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Has the debate on Jinnah begun?

Neena Vyas

"Bid to put Congress on the defensive" "It seems that at least one section of the BJP feels that it can `win' the debate and the hearts and minds of the people by juxtaposing Jinnah with Jawaharlal Nehru, and blame Nehru for Partition"


  • Basu recounts Jinnah's role in Calcutta riots
  • Yashwant Sinha comes out against Advani formulation
  • Jinnah divided the country, spread poison in society and lakhs of people were killed: Joshi

    NEW DELHI: On his return on Monday from the controversial trip to Pakistan, Bharatiya Janata Party leader L.K. Advani asked for a "debate" on the role of Pakistan founder Mohammad Ali Jinnah. While the party is still grappling with the crisis caused by his resignation as president, the following day (Tuesday), the debate seems to have begun.

    On Wednesday, the former West Bengal Chief Minister and CPI(M) Polit Bureau member Jyoti Basu, recounted Jinnah's role in instigating the terrible riots in Kolkata (then Calcutta) in August 1946 and blamed the butchery of thousands on his Muslim League's "direct action" call.

    On Thursday senior BJP leader Murli Manohar Joshi made it clear that the party would not compromise on the Jinnah question, which was brought into sharp focus by Mr. Advani's remarks virtually applauding Mr. Jinnah as a secular leader.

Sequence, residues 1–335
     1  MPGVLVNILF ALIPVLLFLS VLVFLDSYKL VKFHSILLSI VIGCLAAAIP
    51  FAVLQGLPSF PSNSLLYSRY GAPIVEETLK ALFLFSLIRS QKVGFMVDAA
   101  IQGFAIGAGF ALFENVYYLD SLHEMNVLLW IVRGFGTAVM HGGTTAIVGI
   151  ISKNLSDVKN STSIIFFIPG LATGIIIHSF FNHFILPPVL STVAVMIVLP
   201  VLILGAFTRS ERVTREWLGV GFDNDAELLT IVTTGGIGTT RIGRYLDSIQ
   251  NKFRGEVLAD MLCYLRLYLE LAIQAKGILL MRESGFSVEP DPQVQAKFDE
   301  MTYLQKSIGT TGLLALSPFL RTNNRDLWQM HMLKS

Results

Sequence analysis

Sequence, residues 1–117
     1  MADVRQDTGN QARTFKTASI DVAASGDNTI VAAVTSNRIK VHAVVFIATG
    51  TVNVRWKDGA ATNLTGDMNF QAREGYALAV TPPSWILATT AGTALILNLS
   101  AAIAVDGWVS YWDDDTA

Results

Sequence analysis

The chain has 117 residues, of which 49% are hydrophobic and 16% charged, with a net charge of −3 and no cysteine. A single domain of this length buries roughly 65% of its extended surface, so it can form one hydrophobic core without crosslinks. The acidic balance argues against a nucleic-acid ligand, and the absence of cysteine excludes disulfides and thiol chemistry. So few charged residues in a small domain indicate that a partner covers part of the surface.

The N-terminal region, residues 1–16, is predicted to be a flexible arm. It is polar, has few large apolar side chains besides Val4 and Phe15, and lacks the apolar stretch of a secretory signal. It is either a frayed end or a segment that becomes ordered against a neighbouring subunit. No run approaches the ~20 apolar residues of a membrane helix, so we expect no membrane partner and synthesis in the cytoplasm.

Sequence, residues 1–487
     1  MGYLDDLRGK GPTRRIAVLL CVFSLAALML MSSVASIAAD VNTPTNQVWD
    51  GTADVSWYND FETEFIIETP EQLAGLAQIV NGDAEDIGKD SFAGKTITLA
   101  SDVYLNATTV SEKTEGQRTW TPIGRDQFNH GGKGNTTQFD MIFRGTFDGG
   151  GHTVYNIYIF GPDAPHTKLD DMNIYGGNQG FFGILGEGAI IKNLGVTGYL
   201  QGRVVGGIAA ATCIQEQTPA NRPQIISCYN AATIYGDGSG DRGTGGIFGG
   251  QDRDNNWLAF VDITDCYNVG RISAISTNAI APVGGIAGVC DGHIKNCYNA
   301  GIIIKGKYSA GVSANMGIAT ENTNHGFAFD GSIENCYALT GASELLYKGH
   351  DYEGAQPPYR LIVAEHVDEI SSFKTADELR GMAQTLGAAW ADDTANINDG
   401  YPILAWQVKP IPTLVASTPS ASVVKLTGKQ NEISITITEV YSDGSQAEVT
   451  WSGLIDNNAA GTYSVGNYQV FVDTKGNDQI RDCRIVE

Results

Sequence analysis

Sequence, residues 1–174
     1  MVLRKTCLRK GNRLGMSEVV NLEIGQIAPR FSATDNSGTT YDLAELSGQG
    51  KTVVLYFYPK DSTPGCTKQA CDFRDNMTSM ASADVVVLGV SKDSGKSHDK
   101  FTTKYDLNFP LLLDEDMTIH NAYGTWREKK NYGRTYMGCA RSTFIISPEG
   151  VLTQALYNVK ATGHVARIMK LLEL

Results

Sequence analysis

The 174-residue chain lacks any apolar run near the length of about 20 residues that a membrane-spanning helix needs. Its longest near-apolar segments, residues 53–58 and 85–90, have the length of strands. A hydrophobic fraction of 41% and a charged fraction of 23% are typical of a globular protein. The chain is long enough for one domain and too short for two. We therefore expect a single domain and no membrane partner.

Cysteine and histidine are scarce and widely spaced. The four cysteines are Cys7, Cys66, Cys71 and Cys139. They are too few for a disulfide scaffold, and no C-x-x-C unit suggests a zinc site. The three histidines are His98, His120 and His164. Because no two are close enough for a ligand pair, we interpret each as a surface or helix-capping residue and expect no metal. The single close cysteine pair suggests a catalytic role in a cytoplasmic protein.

"No compromise"

    "I do not view Jinnah as secular. He divided the country and as a result we witnessed and suffered terrifying riots... he spread poison in society and lakhs of people were killed. There can be no compromise with ideology, there can be no dilution of ideology ... ideology is always above any individual."

    The former External Affairs Minister Yashwant Sinha has also come out against the Advani formulation on Jinnah and so have other BJP leaders.

    One newspaper has carried out a survey of what people think of Jinnah. One person who heard Jinnah as a young man said: "He made the vilest communal speeches. Some of the things he said cannot be repeated; his main theme was that there was nothing common between Hindus and Muslims. He was not a religious Muslim, but by no stretch of imagination could he be described as secular."

    Several newspaper articles have also appeared, and the party is of the view that a debate has begun.

    It seems that at least one section of the BJP feels that it can "win" the debate and the hearts and minds of the people by juxtaposing Jinnah with Jawaharlal Nehru, and blame Nehru for Partition and the riots that followed.

    Several BJP leaders at the middle and lower levels have been saying this over the last few days. Their view is that Mr. Advani had a strategy to put the Congress on the defensive.

    ``A foolish venture''

    There are others in the party who felt it was a foolish political venture and would come a cropper. "Can you expect people in India to tolerate lionising of Jinnah at the expense of Nehru" was the question posed.

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